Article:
The Cost of Medical School Dropouts

May 29, 2014 Kristen Hicks

College attrition is an issue at every level. Students who drop out of college before graduating are often saddled with student loans they still have to pay off even without a degree to show for it. Colleges themselves lose tuition dollars and take a hit in their reputation if the number of dropouts is too high.

It’s in everyone’s best interest for students to make it through to graduation. What’s true for higher education in general takes on extra importance in medical school. The stakes for medical students are higher: they’ve worked hard in their undergrad years and in preparing for their MCATs. If they fail before completing medical school, they lose a larger investment than your typical victim of higher ed attrition.

The cost of medical school dropouts can’t simply be measured in money, and it goes beyond those immediately involved in the decision.

The Costs to the Student

  • The average cost of an undergraduate education (before adding in the loan interest most students grapple with) is close to $20,000 a year. If a medical student finished in 4 years, that would make the total around $80,000.
  • The cost of taking the MCAT is $275.
  • The cost of medical school applications ranges from $25-$100.
  • Textbooks cost about $1,200 a year on average. That would mean nearly $5,000 in undergrad, and over $1,000 for each year of medical school.

While none of these numbers can give an exact snapshot for particular students, they give a general idea of the necessary costs. Add to that harder to predict costs like housing, food, and personal expenses and the cost of getting partially through medical school is very high. The University of Southern California predicts a yearly average of about $80,000.

The Costs to Society

This is harder to calculate in dollars, but still noteworthy. Society needs doctors. Hospitals that are understaffed and communities that are underserved suffer from a lack of care.

Long wait times for seeing a doctor about time sensitive illnesses, understaffed emergency rooms, and people being forced to travel for the care they need are all scenarios with costs and consequences that go much deeper than financial concerns.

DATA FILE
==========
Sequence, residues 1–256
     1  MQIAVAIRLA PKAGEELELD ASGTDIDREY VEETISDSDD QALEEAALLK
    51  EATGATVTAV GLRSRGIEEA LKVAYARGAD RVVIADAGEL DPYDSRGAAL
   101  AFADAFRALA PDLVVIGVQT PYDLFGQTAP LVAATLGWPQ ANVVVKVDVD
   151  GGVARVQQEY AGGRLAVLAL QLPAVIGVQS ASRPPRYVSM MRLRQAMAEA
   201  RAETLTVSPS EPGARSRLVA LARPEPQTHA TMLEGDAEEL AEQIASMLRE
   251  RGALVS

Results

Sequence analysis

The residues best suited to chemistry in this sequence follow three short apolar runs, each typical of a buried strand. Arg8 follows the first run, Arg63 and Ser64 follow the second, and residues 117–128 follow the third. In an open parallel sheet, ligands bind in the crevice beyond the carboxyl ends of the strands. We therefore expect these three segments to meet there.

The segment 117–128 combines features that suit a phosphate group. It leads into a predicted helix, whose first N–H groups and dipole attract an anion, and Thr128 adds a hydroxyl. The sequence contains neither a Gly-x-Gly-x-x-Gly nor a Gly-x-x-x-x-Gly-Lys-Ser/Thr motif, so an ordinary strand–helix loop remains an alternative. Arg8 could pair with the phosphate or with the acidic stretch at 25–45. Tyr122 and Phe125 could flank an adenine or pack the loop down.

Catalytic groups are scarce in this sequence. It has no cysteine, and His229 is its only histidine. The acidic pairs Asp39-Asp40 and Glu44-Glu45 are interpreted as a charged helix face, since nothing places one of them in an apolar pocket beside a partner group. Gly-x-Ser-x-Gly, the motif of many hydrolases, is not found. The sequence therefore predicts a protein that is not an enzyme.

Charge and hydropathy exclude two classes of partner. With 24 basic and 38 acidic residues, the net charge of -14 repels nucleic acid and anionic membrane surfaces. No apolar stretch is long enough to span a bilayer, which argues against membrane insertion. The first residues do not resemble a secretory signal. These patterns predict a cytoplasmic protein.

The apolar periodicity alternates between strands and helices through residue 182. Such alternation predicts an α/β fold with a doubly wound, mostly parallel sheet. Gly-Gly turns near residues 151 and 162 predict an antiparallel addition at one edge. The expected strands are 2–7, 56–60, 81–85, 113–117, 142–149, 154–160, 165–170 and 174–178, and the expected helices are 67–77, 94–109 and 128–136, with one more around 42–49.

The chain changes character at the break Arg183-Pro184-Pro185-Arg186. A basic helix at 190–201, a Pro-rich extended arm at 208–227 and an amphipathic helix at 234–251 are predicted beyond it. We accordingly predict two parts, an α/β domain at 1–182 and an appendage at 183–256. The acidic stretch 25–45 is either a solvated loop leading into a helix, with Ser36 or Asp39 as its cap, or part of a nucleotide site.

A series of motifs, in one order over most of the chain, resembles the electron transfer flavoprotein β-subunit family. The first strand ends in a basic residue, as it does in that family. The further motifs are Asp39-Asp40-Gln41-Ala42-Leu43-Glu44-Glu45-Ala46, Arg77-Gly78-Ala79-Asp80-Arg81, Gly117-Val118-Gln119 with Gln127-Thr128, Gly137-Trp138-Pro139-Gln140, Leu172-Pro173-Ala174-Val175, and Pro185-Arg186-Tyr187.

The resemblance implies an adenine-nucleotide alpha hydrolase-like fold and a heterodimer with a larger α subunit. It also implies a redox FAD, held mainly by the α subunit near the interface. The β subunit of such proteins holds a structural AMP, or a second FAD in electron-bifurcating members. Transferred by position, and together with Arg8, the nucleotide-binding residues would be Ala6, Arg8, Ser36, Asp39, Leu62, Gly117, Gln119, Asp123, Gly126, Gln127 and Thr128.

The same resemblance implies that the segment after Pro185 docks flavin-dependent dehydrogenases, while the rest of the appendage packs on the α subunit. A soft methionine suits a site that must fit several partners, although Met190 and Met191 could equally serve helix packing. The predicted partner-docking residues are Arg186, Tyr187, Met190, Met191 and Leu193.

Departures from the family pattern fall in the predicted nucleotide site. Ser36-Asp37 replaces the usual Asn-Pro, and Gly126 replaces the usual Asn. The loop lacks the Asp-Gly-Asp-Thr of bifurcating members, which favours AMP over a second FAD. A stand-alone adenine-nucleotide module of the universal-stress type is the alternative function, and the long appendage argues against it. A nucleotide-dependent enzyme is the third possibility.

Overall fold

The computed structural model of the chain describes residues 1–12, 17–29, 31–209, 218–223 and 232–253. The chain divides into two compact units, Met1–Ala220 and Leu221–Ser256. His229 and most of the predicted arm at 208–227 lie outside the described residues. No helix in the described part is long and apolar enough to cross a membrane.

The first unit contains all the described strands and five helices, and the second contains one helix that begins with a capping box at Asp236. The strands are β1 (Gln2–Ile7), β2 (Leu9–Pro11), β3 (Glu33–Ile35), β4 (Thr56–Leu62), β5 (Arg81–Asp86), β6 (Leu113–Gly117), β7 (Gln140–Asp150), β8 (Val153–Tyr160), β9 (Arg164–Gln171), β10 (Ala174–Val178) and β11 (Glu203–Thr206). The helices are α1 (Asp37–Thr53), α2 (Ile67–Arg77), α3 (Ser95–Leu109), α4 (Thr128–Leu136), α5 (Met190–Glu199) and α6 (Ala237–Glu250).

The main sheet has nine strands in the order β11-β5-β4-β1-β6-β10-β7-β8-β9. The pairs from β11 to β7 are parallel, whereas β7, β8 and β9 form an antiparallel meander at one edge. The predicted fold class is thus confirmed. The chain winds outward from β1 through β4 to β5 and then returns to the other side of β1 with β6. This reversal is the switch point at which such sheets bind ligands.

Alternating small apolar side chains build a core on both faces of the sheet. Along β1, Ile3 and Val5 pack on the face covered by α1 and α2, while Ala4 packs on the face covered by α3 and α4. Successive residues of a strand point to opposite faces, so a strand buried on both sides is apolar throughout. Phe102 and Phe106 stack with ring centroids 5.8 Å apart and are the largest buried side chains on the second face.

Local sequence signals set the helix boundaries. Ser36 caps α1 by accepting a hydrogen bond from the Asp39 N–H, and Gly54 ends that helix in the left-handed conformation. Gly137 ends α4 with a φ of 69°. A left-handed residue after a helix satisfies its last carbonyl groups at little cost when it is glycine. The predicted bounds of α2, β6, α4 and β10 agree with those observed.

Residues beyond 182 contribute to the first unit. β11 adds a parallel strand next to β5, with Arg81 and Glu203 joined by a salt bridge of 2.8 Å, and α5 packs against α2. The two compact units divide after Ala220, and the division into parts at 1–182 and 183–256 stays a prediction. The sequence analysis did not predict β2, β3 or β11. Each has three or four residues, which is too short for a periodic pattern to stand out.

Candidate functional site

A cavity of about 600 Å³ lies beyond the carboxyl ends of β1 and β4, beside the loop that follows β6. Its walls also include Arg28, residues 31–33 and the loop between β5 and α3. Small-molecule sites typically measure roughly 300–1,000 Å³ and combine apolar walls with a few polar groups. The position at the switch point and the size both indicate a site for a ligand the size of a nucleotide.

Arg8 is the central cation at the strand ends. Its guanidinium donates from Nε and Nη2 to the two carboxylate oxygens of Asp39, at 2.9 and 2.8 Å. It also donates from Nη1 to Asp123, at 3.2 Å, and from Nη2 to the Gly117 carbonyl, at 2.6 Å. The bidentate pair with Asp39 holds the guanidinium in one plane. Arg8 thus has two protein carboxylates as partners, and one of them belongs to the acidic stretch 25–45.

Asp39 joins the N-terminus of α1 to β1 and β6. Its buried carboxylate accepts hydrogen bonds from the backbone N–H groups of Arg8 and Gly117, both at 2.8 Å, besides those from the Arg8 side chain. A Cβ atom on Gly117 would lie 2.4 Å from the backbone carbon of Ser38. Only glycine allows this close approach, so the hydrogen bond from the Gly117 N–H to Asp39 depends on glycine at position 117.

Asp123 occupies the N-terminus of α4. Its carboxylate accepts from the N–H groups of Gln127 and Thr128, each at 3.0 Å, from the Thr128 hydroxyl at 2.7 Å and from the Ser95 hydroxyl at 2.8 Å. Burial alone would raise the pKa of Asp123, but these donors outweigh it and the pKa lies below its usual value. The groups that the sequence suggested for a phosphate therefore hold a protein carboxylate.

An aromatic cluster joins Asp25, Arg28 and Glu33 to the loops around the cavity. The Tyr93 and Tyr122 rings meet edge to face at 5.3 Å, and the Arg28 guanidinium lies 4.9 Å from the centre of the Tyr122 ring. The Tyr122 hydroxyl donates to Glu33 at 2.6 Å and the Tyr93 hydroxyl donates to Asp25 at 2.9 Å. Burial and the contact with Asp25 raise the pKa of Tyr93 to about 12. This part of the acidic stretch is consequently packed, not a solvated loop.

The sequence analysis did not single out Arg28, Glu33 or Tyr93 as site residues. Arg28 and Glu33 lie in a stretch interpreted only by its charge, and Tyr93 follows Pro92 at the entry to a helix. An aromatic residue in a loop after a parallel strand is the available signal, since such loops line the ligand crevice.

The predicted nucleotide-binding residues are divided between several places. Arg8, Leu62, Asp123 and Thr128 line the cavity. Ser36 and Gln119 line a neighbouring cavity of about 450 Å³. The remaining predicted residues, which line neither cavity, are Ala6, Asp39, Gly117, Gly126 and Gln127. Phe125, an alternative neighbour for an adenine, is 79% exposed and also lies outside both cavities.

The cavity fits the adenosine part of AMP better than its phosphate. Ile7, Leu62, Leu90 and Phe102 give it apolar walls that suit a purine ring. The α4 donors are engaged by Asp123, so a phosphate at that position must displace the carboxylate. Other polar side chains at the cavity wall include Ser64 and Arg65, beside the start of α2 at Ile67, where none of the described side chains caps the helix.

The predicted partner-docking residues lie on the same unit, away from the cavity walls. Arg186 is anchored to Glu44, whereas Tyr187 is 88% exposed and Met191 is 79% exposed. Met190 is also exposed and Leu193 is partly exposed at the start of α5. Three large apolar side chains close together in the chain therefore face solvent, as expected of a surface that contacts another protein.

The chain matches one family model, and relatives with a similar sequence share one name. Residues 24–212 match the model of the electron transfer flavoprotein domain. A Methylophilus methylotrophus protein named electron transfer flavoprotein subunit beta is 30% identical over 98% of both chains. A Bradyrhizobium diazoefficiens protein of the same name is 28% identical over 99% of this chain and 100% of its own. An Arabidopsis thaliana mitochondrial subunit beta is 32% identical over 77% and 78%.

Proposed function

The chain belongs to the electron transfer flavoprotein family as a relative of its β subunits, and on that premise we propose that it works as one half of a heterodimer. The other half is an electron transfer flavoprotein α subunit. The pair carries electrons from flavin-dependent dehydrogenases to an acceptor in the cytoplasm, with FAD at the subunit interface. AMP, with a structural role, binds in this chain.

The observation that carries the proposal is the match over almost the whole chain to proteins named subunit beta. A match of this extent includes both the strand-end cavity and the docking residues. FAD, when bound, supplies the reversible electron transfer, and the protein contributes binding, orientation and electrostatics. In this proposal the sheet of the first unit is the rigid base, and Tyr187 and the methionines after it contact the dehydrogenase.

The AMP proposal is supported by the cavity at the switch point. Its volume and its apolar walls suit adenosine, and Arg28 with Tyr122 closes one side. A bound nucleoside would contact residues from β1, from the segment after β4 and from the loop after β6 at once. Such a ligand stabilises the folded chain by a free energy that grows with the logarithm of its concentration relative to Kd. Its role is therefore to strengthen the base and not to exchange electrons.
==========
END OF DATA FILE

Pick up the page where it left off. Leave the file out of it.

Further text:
The United States already faces a doctor shortage. Every medical student that doesn’t become a working doctor threatens to make the problem worse.

The Cost to the School

The loss of a student’s tuition is the most obvious cost to the medical school. For public schools that amounts to about $15,000 a year; for private it jumps to around $30,000.

Additionally, if the number of dropouts gets too high, medical schools risk losing their accreditation. Without a good reputation, medical schools can’t attract worthy applicants. The costs of high attrition rates can stay with the school in years to come.

What Medical Schools Can Do About It

Schools can be proactive about helping students get through all four years and pass their licensing exams; they just need the right tools. The detailed, personalized feedback that comes from embedded assessment can empower students to take more control over their efficiency and eventual success in medical school. It can also give faculty the information they need to step in and help students before they fall too behind and start to lose hope.

If that sounds like a tall order for some simple computer-based testing software, consider this: it helped Touro University reduce their dropout rate from 8% to 2%. In addition to all the non-monetary costs discussed here, it saved the school over $2 million a year.

For the sake of the students, the school, and society at large, it’s worth taking any effort to help promising students succeed as doctors. With the amount at stake, the value of embedded assessment is hard to overestimate.

 

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